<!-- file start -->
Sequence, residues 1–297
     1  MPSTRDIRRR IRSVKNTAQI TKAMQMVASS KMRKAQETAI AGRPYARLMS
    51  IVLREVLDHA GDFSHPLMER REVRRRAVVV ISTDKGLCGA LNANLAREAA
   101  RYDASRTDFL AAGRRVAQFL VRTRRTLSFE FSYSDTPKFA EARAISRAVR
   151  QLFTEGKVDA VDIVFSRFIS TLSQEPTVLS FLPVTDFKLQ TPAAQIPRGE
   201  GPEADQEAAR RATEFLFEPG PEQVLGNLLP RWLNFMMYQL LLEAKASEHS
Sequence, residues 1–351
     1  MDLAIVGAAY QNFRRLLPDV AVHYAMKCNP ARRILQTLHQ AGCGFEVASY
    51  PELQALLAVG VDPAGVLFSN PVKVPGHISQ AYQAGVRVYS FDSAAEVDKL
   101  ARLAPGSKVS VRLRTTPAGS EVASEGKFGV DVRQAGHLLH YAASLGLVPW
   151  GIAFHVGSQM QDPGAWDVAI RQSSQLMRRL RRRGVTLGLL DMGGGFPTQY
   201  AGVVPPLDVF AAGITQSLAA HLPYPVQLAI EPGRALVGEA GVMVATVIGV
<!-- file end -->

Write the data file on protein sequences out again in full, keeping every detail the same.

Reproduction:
Sequence, residues 1–297
     1  MPSTRDIRRR IRSVKNTAQI TKAMQMVASS KMRKAQETAI AGRPYARLMS
    51  IVLREVLDHA GDFSHPLMER REVRRRAVVV ISTDKGLCGA LNANLAREAA
   101  RYDASRTDFL AAGRRVAQFL VRTRRTLSFE FSYSDTPKFA EARAISRAVR
   151  QLFTEGKVDA VDIVFSRFIS TLSQEPTVLS FLPVTDFKLQ TPAAQIPRGE
   201  GPEADQEAAR RATEFLFEPG PEQVLGNLLP RWLNFMMYQL LLEAKASEHS
Sequence, residues 1–351
     1  MDLAIVGAAY QNFRRLLPDV AVHYAMKCNP ARRILQTLHQ AGCGFEVASY
    51  PELQALLAVG VDPAGVLFSN PVKVPGHISQ AYQAGVRVYS FDSAAEVDKL
   101  ARLAPGSKVS VRLRTTPAGS EVASEGKFGV DVRQAGHLLH YAASLGLVPW
   151  GIAFHVGSQM QDPGAWDVAI RQSSQLMRRL RRRGVTLGLL DMGGGFPTQY
   201  AGVVPPLDVF AAGITQSLAA HLPYPVQLAI EPGRALVGEA GVMVATVIGV